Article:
Tag: grand jury

Is the Grand Jury System a Joke?

An excerpt from the Charlotte Observer:

During a single four-hour workday last week, a Mecklenburg County grand jury heard 276 cases and handed down 276 indictments.

That means the 18 jurors heard evidence, asked questions, weighed whether the charges merit a trial, then voted on the indictments – all at the average rate of one case every 52 seconds….

“The entire system is a joke,” said Joe Cheshire, a Raleigh attorney who handles high-profile criminal cases across the state. “There is absolutely no living, breathing person with any kind of intellect who believes that a grand jury could consider and vote on 10 complex issues in the period of time that they use to deliberate on hundreds.”

Charlotte attorney Jim Cooney agrees. Rather than check the power of government, grand juries have become a prosecutor’s ally, he said, “that hands out indictments like they’re boxes of popcorn.”

The article notes that the one recent case where a grand jury declined to issue an indictment involved a police officer.  Hmm.

For Cato scholarship on the problems with the grand jury system, go here.

Grand Jury Reform Needed

The National Association of Criminal Defense Lawyers has just released a new report calling for reform of the federal grand jury system. Here’s an excerpt from the foreword to that report:

The same respect that the founding fathers had for the grand jury has faded in the modern criminal process. Undeniably, few institutions written into the U.S. Constitution manifest such disparity between design and practice as the federal grand jury. For an accusatory process that on its face emphasizes the role of the citizen, the grand jury is a patently un-democratic body. Indeed, the 94 federal grand juries across the country function more like feudal duchies, in which federal prosecutors exercise virtually unchecked power to indict. I say this having sought countless indictments before grand juries and having overseen the Justice Department’s work to promulgate uniform rules for federal prosecutions, including grand jury proceedings. Simply put, the federal grand jury exists today, for the most part, as a rubber stamp for prosecutors. This means that the grand jury no longer protects citizens from unfounded charges, government overreaching, and miscarriages of justice.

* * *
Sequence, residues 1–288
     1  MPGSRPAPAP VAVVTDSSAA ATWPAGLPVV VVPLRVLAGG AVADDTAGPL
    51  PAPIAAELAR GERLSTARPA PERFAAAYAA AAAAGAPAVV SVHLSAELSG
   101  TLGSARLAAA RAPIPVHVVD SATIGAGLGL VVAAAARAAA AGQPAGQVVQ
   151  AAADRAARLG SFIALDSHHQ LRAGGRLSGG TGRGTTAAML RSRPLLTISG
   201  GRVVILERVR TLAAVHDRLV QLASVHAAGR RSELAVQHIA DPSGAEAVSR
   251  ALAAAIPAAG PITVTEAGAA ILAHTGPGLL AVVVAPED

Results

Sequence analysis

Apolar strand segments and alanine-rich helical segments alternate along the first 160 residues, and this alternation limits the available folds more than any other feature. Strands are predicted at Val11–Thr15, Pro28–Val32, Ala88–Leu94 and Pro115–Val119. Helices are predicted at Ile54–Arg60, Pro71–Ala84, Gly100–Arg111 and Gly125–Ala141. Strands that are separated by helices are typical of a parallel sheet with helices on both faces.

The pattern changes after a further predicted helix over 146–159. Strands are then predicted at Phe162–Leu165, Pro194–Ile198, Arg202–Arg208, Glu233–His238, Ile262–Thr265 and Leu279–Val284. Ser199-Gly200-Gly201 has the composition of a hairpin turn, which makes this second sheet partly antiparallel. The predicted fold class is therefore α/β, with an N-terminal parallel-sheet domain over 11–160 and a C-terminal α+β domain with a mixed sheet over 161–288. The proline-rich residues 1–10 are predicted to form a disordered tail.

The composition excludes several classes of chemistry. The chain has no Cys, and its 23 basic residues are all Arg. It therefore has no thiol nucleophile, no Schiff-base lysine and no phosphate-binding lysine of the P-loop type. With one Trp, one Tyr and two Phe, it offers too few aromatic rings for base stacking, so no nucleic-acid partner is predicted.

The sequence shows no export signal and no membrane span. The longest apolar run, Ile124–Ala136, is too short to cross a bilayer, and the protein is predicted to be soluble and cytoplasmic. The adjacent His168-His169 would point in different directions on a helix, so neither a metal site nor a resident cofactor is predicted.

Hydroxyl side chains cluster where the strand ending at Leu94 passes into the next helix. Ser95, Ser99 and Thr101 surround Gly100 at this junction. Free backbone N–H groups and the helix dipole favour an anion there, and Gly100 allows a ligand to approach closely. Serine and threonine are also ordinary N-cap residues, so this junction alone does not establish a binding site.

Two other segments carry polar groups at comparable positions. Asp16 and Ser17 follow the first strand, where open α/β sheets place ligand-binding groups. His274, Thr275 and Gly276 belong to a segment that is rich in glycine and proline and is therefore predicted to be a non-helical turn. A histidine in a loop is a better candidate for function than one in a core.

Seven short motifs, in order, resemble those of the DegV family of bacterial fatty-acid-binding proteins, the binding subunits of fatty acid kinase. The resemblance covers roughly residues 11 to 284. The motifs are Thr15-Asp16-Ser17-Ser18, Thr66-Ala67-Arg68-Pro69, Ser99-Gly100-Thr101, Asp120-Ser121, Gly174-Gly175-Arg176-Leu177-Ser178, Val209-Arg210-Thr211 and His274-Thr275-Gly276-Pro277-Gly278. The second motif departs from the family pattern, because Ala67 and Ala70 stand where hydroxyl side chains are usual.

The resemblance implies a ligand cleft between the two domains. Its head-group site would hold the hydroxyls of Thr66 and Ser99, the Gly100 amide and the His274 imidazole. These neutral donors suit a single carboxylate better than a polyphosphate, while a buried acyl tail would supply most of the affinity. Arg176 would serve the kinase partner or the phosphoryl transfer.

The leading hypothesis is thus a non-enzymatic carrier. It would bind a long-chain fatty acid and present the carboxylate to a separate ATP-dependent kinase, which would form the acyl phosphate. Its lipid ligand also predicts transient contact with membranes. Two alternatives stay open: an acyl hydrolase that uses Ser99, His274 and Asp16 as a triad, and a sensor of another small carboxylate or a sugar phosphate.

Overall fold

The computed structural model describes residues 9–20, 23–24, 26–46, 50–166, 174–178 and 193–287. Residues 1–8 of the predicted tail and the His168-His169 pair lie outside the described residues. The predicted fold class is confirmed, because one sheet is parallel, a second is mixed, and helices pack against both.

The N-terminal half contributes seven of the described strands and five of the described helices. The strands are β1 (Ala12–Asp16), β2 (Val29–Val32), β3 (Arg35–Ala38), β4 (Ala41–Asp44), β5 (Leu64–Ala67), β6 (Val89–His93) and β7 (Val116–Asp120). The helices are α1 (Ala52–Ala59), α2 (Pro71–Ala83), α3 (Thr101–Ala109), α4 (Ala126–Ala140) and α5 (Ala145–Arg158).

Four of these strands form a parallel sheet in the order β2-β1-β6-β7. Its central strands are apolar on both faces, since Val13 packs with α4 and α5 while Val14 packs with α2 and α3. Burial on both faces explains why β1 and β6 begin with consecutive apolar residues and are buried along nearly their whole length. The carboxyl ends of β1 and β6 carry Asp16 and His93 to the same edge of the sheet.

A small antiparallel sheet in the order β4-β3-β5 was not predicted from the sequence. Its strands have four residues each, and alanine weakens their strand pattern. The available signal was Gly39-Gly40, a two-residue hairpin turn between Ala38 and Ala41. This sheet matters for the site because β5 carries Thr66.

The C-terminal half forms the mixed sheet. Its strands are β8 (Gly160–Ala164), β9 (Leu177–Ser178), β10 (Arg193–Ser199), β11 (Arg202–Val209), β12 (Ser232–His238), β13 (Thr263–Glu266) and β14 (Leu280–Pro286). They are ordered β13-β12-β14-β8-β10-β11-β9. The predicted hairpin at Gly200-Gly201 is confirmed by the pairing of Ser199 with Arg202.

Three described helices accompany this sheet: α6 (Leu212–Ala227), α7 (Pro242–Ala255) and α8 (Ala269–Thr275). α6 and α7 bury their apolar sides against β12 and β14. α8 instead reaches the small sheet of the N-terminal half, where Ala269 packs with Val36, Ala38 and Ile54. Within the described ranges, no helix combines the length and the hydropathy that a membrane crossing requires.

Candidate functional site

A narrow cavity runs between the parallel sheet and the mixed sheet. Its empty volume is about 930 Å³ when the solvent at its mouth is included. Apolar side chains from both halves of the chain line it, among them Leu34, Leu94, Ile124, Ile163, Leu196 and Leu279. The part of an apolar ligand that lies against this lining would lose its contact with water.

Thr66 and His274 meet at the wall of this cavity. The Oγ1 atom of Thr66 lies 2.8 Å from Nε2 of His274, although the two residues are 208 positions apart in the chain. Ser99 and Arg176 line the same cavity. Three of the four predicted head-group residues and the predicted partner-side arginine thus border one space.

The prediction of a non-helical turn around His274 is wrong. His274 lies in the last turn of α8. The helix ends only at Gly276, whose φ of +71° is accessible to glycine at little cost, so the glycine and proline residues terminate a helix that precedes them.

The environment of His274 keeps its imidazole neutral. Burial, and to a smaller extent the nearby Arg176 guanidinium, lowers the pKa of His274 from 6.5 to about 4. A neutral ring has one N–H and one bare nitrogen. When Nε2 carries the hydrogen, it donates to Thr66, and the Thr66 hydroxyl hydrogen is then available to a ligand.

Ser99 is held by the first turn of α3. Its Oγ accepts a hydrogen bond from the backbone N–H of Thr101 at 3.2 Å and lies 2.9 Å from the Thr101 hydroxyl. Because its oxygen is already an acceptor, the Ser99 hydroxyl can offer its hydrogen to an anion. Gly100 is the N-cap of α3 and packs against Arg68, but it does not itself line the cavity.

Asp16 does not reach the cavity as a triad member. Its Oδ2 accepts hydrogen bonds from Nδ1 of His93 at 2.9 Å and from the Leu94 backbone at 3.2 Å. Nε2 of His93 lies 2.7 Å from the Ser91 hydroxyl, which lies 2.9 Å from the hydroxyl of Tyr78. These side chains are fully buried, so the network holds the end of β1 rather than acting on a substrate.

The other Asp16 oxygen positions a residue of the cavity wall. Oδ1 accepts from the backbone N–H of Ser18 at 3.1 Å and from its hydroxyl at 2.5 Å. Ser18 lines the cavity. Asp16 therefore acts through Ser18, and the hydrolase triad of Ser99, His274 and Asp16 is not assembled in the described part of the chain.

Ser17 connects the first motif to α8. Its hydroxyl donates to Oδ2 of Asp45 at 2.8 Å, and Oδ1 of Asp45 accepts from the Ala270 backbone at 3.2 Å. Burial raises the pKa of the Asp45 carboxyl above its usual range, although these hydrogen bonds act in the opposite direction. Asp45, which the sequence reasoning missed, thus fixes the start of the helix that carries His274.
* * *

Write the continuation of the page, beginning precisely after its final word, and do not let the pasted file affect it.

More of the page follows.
Those are the words of Larry Thompson, a former top ranking official in the Department of Justice who oversaw the work of federal prosecutors between 2001-2003.  A link to the full report can be found here.

For Cato scholarship on this subject, go here.

Brian Aitken’s Sentence Commuted

New Jersey Governor Chris Christie has commuted the seven-year sentence of Brian Aitken, the man wrongfully convicted on firearms charges under that state’s draconian gun laws. Good.

While a full pardon seems more appropriate – the judge in this case should have given the jury instructions on the “moving exception” that protected Aitken – this is at least recognition of an injustice and relief for one man and his family.